An Early Look At the KAT-DLo Returns

Photo Credit: Brace Hemmelgarn (USA TODAY Sports)

Oh, to be a Minnesota Timberwolves fan. Just as I set down my celebratory glass of champagne following the Wolves’ win against the Miami Heat, I found myself watching the Los Angeles Clippers absolutely eviscerate Minnesota this weekend. The final score of 124-105 doesn’t do justice to how much of a smackdown this game was.

The Clippers led by 38 points at one point.

Beyond that terrible loss — not to mention the 30- and 25-point losses to the Brooklyn Nets and Milwaukee Bucks last week — there is hope on the horizon. The Timberwolves continue to creep closer toward a healthy roster. Although Malik Beasley’s hamstring injury could have him sidelined for the rest of the season, we’ve now seen 10 games this season with star-crossed ballers Karl-Anthony Towns and D’Angelo Russell on the floor.

The results thus far have been encouraging. After the loss to the Clippers, the Wolves are now 5-5 when Towns and Russell have played together this season. The current ninth seed Golden State Warriors are 28-29. This suggests to me a healthy Timberwolves team would be in the play-in tournament.

Of course, it’s impossible to predict what the Wolves’ record would have been if the players would’ve been relatively healthy this season. Going down that rabbit hole leads to a bunch of other “what-if” scenarios. Most notably, if the Wolves had been healthy this season, would R*an S*unders still be the head coach of this team?

Let’s not think about that. I wanted to dive a little deeper into how KAT and DLo have performed when they’ve played together. Since four of those games were in the S*unders era, I won’t be considering those games in any stats that I use here. Under Chris Finch, this is a much different team. I also won’t be using any stats from Sunday night’s abomination either, as it was a bad game for everyone except “Garbage Time Michael Jordan,” a.k.a. Anthony Edwards.

In the five games against the Sacramento Kings, Indiana Pacers, Boston Celtics, Chicago Bulls, and Miami Heat, the box score for Towns and Russell has looked promising:

Points Rebounds Assists
D’Angelo Russell 21.4 3.4 4.4
Karl-Anthony Towns 27.2 10.8 6.2

Combined, that’s about 49 points and 10 assists per game. That means those two scored or created roughly 70-80 points every night. If Finch can get that type of production from this pair consistently, the Timberwolves could have a top-10 offense. In fact, over these five games, the Wolves offense scored 123.4 points per game, which would be the top mark in the league by a mile.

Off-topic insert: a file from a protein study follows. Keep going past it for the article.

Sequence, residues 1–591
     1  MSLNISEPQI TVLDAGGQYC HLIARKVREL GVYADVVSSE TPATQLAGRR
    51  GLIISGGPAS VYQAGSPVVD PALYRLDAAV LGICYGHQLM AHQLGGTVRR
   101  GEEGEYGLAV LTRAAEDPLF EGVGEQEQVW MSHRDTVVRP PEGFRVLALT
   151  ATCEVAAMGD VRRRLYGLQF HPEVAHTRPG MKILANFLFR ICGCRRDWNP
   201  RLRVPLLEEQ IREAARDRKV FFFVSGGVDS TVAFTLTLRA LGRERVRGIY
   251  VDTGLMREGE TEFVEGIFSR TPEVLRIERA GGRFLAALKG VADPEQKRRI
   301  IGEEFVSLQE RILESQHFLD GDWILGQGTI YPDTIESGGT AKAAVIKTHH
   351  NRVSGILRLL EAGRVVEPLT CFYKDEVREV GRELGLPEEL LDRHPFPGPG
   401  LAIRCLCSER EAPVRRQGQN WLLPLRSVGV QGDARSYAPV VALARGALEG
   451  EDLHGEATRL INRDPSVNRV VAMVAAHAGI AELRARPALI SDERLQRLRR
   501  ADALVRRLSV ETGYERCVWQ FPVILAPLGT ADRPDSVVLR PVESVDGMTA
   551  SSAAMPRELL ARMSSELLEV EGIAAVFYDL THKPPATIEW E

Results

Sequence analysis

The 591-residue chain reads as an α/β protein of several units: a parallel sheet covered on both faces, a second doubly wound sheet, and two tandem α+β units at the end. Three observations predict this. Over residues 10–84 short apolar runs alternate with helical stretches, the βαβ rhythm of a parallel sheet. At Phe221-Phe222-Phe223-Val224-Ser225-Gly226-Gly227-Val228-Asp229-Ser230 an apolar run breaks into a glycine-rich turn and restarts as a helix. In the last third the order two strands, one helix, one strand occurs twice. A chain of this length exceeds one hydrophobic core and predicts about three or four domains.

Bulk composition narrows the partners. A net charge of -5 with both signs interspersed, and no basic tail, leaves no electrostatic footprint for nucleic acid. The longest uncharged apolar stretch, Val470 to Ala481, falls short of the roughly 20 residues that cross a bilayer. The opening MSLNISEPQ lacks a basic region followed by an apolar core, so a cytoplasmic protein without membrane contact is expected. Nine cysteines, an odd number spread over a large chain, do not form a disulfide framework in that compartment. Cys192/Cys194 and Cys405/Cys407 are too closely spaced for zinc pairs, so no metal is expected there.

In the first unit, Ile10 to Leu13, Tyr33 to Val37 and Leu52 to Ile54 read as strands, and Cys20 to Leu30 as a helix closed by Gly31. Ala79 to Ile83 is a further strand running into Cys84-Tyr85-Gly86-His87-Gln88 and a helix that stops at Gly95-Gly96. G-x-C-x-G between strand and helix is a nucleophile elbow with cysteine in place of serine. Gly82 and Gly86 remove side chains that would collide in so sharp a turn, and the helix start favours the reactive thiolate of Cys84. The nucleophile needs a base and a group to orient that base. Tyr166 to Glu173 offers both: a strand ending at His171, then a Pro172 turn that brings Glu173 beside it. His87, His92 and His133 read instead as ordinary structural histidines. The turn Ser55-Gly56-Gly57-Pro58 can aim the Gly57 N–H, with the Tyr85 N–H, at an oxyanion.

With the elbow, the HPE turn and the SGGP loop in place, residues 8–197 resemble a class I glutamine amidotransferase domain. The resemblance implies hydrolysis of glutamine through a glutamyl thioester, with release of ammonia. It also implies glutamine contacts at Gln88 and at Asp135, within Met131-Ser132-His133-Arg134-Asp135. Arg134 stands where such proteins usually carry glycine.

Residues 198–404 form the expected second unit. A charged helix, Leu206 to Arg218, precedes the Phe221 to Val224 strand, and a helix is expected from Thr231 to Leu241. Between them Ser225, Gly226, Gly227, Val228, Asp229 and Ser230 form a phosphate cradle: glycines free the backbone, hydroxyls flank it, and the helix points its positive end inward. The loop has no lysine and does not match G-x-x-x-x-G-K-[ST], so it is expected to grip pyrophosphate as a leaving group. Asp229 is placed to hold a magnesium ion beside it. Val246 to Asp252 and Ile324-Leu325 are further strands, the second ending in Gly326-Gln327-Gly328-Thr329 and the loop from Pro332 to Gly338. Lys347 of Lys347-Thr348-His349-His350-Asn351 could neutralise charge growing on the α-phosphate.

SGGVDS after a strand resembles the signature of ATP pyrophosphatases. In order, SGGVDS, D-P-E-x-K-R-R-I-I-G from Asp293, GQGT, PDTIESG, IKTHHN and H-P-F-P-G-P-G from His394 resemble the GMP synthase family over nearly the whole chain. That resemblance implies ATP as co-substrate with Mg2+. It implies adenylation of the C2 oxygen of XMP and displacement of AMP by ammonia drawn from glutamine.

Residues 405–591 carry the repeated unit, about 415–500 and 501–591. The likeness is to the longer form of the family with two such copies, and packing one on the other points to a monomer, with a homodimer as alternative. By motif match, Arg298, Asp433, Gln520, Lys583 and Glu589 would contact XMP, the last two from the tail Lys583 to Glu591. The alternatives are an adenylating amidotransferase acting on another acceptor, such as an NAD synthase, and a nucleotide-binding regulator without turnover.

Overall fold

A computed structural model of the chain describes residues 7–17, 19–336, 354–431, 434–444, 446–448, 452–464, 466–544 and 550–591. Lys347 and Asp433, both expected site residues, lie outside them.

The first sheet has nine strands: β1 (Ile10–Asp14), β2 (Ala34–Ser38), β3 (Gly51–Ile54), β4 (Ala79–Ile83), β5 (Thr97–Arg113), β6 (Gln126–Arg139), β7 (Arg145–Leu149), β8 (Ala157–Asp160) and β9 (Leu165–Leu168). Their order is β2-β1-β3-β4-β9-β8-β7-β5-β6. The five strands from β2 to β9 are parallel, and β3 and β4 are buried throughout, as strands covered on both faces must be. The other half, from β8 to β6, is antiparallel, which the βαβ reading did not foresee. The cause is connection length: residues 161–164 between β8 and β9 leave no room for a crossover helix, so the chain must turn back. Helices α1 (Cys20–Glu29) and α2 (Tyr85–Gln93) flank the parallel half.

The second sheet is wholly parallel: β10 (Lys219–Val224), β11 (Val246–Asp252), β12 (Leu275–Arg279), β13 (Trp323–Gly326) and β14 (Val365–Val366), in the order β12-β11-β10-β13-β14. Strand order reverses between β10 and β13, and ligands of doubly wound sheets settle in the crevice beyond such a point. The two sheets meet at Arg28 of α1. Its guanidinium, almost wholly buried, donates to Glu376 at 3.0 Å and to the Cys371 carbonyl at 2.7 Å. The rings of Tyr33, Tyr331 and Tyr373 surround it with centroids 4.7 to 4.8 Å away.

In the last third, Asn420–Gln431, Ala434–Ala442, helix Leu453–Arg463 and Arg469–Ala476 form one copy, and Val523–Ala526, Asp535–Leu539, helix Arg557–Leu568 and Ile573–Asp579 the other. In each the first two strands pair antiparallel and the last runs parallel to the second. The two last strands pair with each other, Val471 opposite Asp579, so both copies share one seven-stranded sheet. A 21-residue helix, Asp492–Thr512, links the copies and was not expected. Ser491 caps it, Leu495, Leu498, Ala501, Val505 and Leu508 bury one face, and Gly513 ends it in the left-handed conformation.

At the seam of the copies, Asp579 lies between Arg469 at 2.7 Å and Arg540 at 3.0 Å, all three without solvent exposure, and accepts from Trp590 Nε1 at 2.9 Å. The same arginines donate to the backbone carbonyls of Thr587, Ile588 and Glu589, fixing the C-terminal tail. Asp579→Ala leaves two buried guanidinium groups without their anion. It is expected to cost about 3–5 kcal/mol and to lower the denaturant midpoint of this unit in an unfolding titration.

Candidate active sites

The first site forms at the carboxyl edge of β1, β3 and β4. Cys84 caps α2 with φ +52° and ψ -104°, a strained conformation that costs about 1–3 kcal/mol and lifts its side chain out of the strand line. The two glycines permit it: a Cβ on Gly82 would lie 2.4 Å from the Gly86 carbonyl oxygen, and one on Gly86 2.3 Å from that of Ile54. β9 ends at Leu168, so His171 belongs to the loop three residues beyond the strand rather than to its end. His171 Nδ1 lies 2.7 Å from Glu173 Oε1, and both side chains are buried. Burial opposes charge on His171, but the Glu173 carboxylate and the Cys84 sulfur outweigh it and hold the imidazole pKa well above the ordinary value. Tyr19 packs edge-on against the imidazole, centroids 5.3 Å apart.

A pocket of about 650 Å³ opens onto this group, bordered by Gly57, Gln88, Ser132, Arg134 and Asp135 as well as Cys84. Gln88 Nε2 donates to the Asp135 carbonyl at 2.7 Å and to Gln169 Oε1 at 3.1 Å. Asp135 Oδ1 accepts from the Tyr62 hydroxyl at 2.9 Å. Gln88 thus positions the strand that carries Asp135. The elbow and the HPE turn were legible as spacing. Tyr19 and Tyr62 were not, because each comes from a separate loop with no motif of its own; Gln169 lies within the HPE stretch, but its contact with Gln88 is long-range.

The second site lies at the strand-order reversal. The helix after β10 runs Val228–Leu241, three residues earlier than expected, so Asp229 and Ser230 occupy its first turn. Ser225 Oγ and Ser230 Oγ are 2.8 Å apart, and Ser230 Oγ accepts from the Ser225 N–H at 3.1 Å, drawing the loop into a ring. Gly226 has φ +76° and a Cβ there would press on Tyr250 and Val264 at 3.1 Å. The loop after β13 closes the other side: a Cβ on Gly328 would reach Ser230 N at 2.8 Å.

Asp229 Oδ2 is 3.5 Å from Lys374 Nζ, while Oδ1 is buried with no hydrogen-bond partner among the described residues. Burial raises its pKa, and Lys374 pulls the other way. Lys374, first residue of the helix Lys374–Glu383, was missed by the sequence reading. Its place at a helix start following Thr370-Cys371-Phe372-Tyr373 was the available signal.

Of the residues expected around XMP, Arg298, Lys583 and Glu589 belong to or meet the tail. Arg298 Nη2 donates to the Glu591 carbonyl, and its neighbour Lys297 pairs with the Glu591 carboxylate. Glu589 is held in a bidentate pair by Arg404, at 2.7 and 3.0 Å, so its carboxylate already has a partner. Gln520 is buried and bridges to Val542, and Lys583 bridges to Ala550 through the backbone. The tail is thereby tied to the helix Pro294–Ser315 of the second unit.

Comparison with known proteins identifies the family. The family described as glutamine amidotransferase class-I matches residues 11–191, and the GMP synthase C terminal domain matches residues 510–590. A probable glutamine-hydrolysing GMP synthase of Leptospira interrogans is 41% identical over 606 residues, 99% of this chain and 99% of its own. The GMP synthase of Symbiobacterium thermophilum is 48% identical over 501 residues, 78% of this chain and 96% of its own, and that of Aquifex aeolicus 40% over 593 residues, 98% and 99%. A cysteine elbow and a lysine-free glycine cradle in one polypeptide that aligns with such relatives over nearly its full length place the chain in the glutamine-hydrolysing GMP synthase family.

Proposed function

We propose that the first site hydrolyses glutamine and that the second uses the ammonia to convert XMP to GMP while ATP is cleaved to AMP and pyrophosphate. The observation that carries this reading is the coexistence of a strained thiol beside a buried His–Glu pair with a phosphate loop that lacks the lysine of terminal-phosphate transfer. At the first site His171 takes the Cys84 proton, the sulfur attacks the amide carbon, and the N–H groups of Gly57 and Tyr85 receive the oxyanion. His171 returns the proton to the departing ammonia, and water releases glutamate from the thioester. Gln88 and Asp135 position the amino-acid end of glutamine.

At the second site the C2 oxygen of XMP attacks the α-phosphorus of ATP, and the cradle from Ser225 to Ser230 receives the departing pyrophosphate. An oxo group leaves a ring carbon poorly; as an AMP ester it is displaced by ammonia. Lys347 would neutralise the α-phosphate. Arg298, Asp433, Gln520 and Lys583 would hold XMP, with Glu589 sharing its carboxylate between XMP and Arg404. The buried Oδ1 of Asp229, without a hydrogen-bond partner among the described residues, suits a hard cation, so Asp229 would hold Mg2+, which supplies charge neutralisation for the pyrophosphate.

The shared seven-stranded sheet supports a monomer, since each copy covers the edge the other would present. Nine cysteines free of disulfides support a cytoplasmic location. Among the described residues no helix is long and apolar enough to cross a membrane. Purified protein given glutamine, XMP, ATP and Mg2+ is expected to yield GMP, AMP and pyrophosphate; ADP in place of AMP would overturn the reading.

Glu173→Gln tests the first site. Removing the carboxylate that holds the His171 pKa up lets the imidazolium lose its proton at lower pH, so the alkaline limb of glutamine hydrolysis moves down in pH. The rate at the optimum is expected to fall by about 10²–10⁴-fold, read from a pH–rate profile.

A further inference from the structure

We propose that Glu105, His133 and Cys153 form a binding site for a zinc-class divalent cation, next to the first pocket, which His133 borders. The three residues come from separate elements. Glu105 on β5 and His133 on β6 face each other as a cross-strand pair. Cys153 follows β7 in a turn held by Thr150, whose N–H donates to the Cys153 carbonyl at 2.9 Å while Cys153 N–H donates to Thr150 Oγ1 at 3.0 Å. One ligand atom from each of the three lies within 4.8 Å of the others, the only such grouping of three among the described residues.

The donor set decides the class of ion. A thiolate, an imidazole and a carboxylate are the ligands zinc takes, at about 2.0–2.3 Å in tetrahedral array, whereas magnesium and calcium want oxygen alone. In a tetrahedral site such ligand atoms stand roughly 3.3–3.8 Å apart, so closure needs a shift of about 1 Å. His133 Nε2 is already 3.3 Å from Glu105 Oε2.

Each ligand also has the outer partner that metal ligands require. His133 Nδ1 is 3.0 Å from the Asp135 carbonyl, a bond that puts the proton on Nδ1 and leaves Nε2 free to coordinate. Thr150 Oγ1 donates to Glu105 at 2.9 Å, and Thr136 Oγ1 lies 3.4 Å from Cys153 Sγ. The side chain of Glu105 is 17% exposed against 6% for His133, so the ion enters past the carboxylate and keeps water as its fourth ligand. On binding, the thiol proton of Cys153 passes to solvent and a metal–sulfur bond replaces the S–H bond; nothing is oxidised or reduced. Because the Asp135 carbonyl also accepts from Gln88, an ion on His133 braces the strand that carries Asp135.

On the flip side, the Wolves also gave up 119.8 points on the defensive end. That’s worse than their season average and would put them in dead last. However, that five-game net rating of plus-3.6 is leagues ahead of their minus-7.7 net rating over the whole season. And that’s the rub with Russell and Towns together. The hope has always been that with Towns, Russell and Beasley, the Timberwolves should have the offensive firepower to hang with anyone in the league. The question remains, will their defense be good enough for that to matter? If the Wolves can’t stop anyone, I find it hard to imagine how they can be more than a .500 team.

Here is a play from last week’s game against the Bulls. I think it really highlights the importance of Towns and Russell playing together. It starts with Edwards failing to inbound the ball to Russell. Then you’ll see Josh Okogie walk over from the top of the screen, arms out, yelling at Russell to inbound the ball. Now, we’ve got Russell passing into Towns, and Zach LaVine and Nikola Vucevic are worried. LaVine tries to cut off the baseline cut, but DLo passes to Towns and heads right to the corner, leaving LaVine to be caught by a Towns screen. As the play ends, you see Josh Okogie running down the court, arms out again, as if he’s saying, “I told you so.”

[videopress IlVYNF5k]

I highlight this because Okogie knows that KAT and DLo are a force on offense. He knows that with those two playing at their best, opposing defenses should be worried. Every team needs a go-to offense. Towns and Russell’s two-man game is a damn good go-to option.

The vision that Rosas had when he built this roster is beginning to shine through. I can see the brilliance that Towns and Russell can bring to the offense. Just like last year, this season, although miserable, is giving me hope for what this team can be next year. The pieces of a competitive team are in place. Now it’s a matter of health and defensive commitment.

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Photo Credit: Brace Hemmelgarn (USA TODAY Sports)

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